At the time of writing we were still in the grip of the recent long-lasting heatwave and so it seemed sensible to me to put down a few words about trying to keep your garden healthy and happy during a long period of dryness and heat.
Whilst we all know that there are plenty of drought tolerant plants available what we need to know is how do we keep our lovely lush shrubs, roses and perennials in good health.
It is painfully obvious that the answer is water but how do we get the water into the plant for maximum benefit?
A few simple rules to remember that might help are;
- Where possible apply your water directly to the soil under your plant, it does NOT need to be applied onto the foliage (unless we are dealing with plants that are very small in which case it would be impractical to try and apply water beneath the foliage). Water droplets on leaves in hot sun will act like small magnifying glasses and cause damage.
- Water early in the morning or late in the evening where possible but if you need to water during the day please try all the harder to keep foliage dry.
- Remember that when soil has become dry (whether in a pot or border) it will not re wet easily and although you are pouring lots of water on you will sometimes find if you push a finger into the soil that it is still VERY dry an inch or so down! The best thing in that situation is to apply water, walk away, then return a few minutes later and reapply, continuing until you are happy that sufficient water has penetrated the soil!
- In extremes of heat it is always wise to check the temperature of the water coming out of your hose as a rolled-up hose left in direct sunlight for a few hours will produce very hot water for a few minutes which could do damage if applied onto the foliage of a delicate plant!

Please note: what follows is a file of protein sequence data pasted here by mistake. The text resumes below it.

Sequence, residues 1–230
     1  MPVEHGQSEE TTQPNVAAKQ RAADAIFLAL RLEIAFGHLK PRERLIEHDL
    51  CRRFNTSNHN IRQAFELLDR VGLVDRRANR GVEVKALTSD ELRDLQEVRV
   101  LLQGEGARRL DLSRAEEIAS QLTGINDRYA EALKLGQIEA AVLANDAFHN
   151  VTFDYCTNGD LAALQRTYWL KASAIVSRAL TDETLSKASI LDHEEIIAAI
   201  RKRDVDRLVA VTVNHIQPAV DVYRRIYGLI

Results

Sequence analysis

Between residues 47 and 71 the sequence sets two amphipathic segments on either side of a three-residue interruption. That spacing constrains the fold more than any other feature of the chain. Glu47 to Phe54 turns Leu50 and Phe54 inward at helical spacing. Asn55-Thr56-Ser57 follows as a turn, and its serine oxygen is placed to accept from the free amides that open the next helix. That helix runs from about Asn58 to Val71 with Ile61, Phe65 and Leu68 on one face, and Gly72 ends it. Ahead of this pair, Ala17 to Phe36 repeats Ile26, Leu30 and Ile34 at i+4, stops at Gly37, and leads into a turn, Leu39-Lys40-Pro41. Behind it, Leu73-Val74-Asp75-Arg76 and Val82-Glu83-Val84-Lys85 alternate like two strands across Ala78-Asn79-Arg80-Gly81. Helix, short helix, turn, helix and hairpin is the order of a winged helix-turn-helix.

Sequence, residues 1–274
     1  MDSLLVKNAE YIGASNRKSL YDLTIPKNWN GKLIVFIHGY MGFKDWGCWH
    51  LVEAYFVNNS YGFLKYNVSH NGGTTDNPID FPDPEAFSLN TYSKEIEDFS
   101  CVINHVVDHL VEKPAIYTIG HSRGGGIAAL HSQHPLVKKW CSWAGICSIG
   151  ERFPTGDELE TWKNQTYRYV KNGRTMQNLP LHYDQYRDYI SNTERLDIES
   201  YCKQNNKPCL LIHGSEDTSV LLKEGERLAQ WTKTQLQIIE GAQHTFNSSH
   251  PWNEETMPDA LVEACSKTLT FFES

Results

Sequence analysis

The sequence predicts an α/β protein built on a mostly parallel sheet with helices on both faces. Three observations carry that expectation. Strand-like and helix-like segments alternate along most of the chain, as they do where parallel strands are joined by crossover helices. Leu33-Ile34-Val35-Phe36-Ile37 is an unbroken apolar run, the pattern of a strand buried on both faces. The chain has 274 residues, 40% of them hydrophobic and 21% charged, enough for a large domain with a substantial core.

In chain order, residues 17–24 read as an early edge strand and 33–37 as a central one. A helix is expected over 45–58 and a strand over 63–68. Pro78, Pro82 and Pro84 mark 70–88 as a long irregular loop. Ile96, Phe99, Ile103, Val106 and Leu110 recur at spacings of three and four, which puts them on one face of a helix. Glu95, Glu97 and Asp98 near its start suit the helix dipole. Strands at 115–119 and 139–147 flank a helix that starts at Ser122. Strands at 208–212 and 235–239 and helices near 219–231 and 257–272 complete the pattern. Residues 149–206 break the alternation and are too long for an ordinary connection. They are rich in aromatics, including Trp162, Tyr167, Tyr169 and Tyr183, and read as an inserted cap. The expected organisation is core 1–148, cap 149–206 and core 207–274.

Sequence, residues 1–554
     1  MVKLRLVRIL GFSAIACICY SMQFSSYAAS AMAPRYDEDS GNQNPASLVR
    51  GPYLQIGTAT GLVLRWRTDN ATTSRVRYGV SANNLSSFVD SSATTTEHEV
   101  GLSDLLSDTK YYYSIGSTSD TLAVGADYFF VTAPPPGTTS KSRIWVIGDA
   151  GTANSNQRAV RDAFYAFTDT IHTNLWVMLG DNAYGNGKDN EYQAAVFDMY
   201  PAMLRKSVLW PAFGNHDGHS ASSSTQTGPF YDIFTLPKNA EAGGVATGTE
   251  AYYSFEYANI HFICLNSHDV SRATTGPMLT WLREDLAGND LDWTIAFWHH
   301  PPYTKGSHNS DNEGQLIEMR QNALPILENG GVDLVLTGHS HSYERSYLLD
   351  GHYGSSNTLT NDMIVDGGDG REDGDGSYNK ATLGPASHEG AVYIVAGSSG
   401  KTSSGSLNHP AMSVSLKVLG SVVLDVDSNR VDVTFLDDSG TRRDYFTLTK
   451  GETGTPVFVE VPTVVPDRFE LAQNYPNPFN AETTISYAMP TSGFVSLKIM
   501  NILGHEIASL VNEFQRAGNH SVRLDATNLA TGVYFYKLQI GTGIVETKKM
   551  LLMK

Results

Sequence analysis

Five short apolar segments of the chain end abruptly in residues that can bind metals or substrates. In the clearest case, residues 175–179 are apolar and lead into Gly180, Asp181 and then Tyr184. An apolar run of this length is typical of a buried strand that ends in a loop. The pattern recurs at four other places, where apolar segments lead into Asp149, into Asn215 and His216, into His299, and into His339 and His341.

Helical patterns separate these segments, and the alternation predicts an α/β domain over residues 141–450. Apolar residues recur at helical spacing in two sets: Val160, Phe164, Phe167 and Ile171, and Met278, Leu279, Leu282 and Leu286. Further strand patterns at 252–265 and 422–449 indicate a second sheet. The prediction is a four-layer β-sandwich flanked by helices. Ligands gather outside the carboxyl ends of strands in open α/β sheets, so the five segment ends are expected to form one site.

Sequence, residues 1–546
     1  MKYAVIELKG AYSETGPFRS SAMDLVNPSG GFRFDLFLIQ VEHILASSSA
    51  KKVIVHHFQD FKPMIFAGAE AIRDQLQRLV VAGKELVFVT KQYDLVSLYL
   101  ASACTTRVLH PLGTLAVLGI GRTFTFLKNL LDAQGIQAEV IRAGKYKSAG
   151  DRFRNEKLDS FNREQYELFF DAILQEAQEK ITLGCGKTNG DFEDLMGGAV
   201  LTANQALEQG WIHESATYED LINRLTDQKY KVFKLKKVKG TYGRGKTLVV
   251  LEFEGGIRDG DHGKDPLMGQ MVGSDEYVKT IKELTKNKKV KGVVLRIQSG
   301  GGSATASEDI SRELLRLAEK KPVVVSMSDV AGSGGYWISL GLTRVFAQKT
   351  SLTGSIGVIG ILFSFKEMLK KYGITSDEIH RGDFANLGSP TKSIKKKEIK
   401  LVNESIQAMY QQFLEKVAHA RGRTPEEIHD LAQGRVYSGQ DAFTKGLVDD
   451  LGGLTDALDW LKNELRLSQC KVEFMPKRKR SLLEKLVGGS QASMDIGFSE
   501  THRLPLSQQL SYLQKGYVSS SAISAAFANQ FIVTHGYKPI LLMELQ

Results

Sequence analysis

- If you have put landscape fabric, stones or even lawn up to the base of a newly planted tree or shrub be aware that all three are going to seriously reduce the penetration of water into the root zone and so it might pay you to put in a short length of piping or similar to get the water to where it is needed while the plant is still reliant upon you for its water!
- A useful rule of thumb is to remember that the larger a leaf is, the more it will transpire (lose moisture into the atmosphere) and therefore a plant with tiny leaves will be more likely to cope with hot dry conditions!
- Although the heat alone is drying our gardens it is useful to remember that on a cloudy but warm and breezy day the drying effect is even greater so don’t be fooled!
- DO however remember an important lesson I learned as a newly qualified horticulturalist which was that if a plant is underwatered but is not beyond the wilting point then it can be revived, a plant that is OVERWATERED is not coming back so do be careful not to put too much water on your plants too!
Happy Gardening and don’t forget to wear a hat and keep yourself well-watered!